(Check out our other related posts here.)

By the spring of 1985, it seemed like baseball cards were everywhere, but it wasn’t enough. Collectors wanted more and more … and more.

For the most part, the Big Three card companies were happy to indulge our excesses, and we soon found ourselves awash in minis, pewters, Highlights sets, boxed sets, Traded and Update sets, 3-D cards, stickers, pins and buttons, food cards, police cards, at-the-ballpark card, and just about any other insert-adjective-here cards you could think of.

But for all the places we could find our cardboard treasures, there was still one place where we couldn’t, at least not as far as most collectors could remember.

That esoteric location?

On the bottom of our baseball card boxes.

No, not our 800-count silo boxes or our 3200-count MONSTER boxes made of crush-resistant corrugated cardboard. We could have taped (gasp!) cards to the bottom of those babies anytime we wanted.

1985 Donruss Baseball Cards Box Bottom Panel

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I’m talking about the bottoms of the display boxes that manufacturers used to hawk their goods, in particular boxes of wax packs. For years, Topps, Fleer, and Donruss had used the tops of their boxes to tempt us with a sample of what that year’s cards looked like, but no one paid any attention to box bottoms.

Those boxes were, after all, just vehicles for moving cards from place to place, and for keeping packs nicely aligned while sitting there waiting for our hungry little hands to pick them up (not a long wait, usually).

In 1985, though, Donruss read the market like your mom can read your guilty expressions.

Seeking to capitalize on the momentum created by their landmark 1984 set — punctuated by the gigantic Don Mattingly rookie card — Donruss expanded their real estate footprint, claiming land that had lay fallow throughout the modern hobby years.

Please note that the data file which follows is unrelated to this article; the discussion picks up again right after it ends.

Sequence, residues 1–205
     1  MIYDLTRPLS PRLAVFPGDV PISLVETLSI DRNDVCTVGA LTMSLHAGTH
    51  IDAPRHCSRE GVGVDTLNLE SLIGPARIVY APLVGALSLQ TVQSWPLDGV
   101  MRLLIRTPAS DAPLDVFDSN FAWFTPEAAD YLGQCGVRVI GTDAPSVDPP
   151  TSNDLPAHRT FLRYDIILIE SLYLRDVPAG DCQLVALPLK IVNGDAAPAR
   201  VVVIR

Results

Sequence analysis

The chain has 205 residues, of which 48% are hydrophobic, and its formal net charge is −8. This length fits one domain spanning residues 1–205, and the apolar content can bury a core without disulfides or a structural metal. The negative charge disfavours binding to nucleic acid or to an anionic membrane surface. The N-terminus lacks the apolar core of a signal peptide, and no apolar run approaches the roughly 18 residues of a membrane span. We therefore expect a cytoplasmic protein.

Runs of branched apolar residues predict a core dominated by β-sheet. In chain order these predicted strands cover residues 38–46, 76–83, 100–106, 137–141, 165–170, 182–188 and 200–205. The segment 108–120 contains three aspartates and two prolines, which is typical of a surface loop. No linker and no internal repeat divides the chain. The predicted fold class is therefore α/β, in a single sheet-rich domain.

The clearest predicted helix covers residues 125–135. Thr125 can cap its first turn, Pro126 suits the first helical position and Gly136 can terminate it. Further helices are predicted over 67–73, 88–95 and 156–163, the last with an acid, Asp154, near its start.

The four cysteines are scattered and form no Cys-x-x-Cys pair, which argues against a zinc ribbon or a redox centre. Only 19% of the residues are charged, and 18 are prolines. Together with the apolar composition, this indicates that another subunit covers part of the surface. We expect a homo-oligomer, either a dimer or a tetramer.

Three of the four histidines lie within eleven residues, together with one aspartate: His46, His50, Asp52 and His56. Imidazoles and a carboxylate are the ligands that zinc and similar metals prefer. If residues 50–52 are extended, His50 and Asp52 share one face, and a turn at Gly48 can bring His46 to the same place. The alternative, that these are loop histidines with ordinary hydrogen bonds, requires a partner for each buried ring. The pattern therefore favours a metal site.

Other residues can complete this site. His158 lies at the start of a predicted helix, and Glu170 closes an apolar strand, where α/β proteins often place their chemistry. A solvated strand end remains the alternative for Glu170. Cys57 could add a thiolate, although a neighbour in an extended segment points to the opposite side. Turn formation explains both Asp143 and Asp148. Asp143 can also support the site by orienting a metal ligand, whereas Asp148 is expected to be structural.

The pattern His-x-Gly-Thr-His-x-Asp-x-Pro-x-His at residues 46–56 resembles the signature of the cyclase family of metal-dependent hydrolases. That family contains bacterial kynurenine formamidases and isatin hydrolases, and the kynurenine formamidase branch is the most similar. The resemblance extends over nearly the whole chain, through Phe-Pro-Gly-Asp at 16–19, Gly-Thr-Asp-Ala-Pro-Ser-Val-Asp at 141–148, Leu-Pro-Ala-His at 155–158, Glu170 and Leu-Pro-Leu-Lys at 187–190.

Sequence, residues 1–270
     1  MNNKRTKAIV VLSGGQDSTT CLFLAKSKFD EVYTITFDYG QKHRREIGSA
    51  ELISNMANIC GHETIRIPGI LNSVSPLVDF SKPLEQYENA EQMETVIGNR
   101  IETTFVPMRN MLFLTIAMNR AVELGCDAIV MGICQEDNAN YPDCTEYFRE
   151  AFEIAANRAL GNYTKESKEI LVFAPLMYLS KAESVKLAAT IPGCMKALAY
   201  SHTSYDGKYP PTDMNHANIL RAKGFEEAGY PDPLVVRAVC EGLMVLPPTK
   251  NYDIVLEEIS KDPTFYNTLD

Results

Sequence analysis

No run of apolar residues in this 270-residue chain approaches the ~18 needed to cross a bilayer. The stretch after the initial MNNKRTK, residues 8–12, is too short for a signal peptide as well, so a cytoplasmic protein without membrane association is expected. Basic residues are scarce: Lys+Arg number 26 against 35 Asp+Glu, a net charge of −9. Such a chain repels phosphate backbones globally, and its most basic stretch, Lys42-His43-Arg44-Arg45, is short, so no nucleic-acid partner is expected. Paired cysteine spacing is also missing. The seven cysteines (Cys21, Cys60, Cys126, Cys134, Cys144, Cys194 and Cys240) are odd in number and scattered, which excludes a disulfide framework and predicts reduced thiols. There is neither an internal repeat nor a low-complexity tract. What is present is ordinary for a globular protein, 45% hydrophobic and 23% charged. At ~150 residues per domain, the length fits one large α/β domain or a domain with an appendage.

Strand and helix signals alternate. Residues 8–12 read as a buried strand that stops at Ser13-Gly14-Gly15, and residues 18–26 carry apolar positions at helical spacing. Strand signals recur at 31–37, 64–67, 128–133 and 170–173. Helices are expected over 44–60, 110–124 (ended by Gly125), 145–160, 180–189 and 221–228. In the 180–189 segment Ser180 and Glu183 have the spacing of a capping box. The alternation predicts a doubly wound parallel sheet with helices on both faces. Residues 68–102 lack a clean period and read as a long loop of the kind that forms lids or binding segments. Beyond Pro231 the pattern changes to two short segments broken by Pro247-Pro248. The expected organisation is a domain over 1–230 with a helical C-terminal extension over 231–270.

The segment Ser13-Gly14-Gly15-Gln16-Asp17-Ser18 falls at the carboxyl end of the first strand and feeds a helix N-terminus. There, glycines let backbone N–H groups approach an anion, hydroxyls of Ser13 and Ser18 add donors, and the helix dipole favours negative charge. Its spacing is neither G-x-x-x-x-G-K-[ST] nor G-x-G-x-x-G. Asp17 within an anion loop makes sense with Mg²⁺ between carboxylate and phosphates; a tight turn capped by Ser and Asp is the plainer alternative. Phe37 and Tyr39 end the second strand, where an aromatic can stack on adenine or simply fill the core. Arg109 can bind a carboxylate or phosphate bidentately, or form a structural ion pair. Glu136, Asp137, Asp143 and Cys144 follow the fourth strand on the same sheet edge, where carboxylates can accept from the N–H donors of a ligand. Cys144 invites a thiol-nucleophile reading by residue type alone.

Yes, you could find 1985 Donruss baseball cards on the bottom of their wax boxes that year.

And not just rehashes of base cards, either. These were brand new cards created just for box bottoms. There were four cards in all, each of them included on every wax box of 1985 Donruss cards.

Here is the complete checklist:

The goal here, of course, was to encourage collectors to purchase full boxes to ensure they’d get the box-bottom premiums. It was pretty powerful candy, too.

I can remember my card dealer friend, Beulah, selling a box of 1985 Donruss to me (and my dad, mostly) by pointing to the box bottom and saying, “And of course you get the four good guys.”


After all, how else could I get those limited-edition cards? They were going to be worth a fortune!

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Looking back, there were some flaws in my logic. Consider …

  • Dwight Gooden was, indeed, a good guy, but that turned out to be fairly short-lived.
  • Ryne Sandberg was, indeed, a good guy, and the 1984 National League MVP. He got a bit flaky in the 1990s, though, and wasn’t a huge market driver after the mid-1980s.
  • Ron Kittle was, indeed, a good guy — in 1983. By 1985, we’d pretty much figured out that he was Dave Kingman light.
  • Lou Gehrig may have been the ultimate good guy, but his box-bottom card was a weird miniature version of the Perez-Steele Hall of Fame Diamond Kings puzzle you could put together by buying enough packs.
  • The cards weren’t really scarce. While you weren’t guaranteed to get a copy of any particular single card from the base Donruss set even if you bought a whole wax box, you were guaranteed to get one of each of the box-bottom cards.
  • The cards were made from the same mushy-brown cardboard as the box itself. Very Topps-y.
  • The cards were part of the display box and subject to all the wear and tear that entailed. If you liked your cards with scuffs, creases, and the occasional pricing sticker, these were right up your alley.
  • A lot of retail stores were happy to give you an empty box or let you have it if you bought the last few packs.

Of course, it was great to have more cards, and to have different cards of the good guys, even if they weren’t good forever or as good as we thought.

And the condition problems make the cards pretty interesting today.

For instance, you can usually find the full panel for well under $10 on eBay  (affiliate link), but graded singles (affiliate link) in mint condition can bring three figures or more.

(You can also find these cards [affiliate link] at reasonable prices on Amazon most of the time.)

Of course, all of the monetary arguments are moot when it comes to the 1985 Donruss box bottom baseball cards — and every other baseball card.

If you “need” a card, you need it.

Doesn’t matter if it’s worth a penny or a mint.

Doesn’t even matter if it started life as a bottom-dweller.

(Check out our other related posts here.)

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1985 Donruss #39 Shawon Dunston RC

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1985 Donruss Roger Clemens RC #273

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